This report presents results from an analysis of asthma-related health benefits of health and home performance interventions using data collected from 49 households in Northwestern Washington State from 2006 to 2013.
Through field-testing and analysis, this project evaluated whole-building approaches and estimated the relative contributions of select technologies toward reducing energy use related to space conditioning in new manufactured homes. Three lab houses of varying designs were built and tested side-by-side under controlled conditions in Russellville, Alabama. The tests provided a valuable indicator of how changes in the construction of manufactured homes can contribute to significant reductions in energy use.
This report is the first comparative analysis of utility-run behavior programs. It lays the groundwork for further program development by developing a classification scheme, or taxonomy, that sorts programs into discrete categories. This study counted 281 such programs, many with multiple iterations, offered by 114 energy providers and third parties between 2008 and 2013. After sorting programs by distinguishing features such as delivery channel and incentive type, the study arrived at 20 major program categories grouped in three large families: Cognition Programs, Calculus Programs, and Social Interaction Programs.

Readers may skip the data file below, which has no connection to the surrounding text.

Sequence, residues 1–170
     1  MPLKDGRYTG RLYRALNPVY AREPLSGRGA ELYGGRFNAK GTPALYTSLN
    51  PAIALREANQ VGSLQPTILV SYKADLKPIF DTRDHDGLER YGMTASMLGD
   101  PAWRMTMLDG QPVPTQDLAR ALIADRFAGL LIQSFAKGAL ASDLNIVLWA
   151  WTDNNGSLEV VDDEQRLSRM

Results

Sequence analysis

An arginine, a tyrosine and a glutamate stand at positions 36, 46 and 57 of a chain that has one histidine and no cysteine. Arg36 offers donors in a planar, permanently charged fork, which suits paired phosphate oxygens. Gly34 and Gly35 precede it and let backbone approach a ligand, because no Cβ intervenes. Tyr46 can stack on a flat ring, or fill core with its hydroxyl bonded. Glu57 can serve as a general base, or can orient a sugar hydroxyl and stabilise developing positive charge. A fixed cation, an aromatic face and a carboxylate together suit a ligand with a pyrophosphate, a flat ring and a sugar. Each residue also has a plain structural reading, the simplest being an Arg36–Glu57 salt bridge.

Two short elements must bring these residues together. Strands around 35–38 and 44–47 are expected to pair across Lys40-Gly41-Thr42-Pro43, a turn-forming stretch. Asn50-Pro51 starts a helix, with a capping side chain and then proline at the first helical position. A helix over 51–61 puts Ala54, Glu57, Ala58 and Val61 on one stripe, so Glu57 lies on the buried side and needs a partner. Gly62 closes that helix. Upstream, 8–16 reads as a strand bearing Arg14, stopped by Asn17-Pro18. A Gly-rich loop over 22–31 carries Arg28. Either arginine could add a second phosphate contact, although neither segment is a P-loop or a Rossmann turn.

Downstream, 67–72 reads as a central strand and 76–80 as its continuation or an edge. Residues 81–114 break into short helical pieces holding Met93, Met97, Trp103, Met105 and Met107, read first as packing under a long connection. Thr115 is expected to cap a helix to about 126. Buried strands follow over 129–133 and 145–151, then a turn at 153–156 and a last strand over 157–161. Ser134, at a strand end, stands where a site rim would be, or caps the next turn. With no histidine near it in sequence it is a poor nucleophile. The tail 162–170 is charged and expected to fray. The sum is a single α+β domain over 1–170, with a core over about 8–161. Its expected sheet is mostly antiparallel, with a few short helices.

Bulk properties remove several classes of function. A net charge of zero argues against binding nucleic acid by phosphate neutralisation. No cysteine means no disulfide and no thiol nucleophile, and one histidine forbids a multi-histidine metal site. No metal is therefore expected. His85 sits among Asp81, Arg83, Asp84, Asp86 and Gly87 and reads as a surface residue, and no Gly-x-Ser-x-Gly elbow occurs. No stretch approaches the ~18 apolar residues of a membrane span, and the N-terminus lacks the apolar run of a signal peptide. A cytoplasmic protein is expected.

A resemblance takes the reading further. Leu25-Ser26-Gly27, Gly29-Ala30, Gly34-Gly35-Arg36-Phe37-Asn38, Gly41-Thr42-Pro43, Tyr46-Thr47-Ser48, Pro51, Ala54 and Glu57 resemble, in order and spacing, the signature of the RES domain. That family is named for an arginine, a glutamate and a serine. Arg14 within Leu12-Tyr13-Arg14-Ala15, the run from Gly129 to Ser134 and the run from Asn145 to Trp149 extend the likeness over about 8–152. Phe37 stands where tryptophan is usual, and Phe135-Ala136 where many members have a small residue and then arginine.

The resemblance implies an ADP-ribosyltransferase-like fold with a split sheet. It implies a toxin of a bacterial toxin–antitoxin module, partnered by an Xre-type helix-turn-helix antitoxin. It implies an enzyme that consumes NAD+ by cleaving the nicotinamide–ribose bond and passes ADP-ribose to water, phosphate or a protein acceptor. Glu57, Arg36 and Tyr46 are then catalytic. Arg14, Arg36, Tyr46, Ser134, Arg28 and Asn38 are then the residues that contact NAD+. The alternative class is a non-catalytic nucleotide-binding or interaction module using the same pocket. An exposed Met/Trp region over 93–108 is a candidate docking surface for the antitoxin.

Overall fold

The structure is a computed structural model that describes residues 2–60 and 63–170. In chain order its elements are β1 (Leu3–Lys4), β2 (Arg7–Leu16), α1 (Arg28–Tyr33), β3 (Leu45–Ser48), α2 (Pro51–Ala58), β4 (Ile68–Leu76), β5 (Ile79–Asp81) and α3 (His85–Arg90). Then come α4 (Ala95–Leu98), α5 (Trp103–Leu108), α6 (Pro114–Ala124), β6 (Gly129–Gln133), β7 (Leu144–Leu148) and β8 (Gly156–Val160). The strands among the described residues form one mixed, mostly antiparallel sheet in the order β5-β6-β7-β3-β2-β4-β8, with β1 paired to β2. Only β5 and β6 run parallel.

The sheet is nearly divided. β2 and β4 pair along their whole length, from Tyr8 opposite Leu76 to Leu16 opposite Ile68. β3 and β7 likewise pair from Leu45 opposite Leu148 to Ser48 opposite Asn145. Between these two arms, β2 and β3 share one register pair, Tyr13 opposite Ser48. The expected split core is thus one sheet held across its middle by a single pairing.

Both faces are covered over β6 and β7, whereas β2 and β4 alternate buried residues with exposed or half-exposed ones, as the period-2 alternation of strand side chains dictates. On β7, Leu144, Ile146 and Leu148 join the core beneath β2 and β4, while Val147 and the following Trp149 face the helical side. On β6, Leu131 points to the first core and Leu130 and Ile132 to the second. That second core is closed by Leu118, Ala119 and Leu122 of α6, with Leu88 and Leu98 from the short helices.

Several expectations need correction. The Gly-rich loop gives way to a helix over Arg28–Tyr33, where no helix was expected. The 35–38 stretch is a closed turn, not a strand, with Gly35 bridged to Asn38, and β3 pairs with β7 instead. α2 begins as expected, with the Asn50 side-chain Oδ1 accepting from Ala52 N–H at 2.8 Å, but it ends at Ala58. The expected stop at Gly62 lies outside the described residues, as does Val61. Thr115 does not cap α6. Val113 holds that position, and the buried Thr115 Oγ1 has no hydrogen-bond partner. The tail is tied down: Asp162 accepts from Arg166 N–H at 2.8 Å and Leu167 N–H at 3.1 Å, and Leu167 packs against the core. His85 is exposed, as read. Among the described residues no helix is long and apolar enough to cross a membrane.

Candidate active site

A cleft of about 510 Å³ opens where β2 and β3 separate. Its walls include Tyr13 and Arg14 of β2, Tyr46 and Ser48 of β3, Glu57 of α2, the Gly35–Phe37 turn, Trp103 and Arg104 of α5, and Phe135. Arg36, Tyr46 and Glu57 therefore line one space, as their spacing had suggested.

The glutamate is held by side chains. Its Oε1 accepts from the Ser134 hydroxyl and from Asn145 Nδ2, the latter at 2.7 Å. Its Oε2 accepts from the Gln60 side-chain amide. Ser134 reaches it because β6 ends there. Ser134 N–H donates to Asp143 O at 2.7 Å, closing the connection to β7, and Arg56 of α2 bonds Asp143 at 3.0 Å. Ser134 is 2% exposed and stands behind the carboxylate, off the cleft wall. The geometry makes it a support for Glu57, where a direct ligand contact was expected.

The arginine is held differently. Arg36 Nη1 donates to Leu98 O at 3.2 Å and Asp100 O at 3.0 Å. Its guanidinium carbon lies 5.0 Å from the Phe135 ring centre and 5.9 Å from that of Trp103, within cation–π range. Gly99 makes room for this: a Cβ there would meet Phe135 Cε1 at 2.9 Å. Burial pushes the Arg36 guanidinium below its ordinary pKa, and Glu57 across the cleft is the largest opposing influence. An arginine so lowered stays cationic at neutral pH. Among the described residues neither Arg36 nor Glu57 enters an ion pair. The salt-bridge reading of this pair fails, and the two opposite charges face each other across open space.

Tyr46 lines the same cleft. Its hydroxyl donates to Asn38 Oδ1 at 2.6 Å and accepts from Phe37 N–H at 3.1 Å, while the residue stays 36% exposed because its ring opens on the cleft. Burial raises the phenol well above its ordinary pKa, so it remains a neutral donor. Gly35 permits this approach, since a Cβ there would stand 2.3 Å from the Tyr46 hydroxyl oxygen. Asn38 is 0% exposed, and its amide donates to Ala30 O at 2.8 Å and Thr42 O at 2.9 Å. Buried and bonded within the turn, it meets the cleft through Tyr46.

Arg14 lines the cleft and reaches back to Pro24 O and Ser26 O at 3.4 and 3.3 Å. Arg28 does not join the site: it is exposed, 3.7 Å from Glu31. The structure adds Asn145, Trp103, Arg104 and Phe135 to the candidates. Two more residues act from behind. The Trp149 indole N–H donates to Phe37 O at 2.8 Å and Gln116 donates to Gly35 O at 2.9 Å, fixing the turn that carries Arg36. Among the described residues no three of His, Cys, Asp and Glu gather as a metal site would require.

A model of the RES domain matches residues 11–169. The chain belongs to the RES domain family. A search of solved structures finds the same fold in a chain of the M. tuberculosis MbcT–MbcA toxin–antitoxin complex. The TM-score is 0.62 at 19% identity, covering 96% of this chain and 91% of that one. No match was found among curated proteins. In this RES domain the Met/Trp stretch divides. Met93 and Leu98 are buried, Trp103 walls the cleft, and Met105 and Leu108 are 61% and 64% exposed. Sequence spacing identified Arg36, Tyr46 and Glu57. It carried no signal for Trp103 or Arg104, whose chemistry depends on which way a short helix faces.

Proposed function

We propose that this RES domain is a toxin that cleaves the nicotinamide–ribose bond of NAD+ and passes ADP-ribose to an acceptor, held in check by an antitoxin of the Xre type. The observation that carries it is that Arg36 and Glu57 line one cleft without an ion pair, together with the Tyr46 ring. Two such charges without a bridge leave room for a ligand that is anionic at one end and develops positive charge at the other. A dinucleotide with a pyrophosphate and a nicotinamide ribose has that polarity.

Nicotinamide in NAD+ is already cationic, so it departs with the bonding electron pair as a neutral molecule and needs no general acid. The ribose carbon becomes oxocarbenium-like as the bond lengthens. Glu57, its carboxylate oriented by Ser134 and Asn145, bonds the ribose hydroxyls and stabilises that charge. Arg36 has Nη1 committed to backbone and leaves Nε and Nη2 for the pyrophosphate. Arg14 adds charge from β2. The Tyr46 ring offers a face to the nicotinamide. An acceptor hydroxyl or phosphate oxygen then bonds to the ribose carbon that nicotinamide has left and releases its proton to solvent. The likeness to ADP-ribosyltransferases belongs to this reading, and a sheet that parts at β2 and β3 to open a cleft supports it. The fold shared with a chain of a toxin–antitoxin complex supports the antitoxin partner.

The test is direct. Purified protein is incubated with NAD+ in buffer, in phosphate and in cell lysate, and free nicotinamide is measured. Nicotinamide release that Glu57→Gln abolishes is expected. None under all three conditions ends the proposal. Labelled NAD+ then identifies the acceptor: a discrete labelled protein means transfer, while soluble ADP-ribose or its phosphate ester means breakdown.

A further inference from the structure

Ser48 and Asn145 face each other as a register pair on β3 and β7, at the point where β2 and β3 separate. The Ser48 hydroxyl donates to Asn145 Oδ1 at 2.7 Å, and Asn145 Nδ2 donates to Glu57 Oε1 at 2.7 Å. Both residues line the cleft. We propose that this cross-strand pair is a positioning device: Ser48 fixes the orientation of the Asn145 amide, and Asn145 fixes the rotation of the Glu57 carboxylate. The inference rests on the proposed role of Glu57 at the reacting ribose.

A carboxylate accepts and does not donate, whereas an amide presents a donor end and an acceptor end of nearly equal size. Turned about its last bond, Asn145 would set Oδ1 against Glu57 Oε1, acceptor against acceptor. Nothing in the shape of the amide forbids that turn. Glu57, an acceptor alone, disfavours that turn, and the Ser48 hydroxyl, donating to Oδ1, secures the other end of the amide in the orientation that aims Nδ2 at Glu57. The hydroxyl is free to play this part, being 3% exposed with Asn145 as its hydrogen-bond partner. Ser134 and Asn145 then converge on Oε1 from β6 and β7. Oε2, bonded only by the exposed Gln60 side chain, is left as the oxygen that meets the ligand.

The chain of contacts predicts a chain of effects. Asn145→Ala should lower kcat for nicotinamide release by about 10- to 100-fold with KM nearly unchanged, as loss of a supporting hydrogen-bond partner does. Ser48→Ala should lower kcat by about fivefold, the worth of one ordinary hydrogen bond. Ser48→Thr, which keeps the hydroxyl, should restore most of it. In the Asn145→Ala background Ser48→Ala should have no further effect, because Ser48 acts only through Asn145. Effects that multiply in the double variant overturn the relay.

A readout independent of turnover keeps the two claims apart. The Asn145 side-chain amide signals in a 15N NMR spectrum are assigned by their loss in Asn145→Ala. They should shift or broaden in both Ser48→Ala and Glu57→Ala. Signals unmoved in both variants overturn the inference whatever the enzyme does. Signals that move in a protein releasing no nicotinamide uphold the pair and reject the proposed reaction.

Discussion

Table showing challenges, needs, strategies, and resources related to financing.
This report provides an overview of the current state of on-bill programs and provides actionable insights on key program design considerations for on-bill lending programs.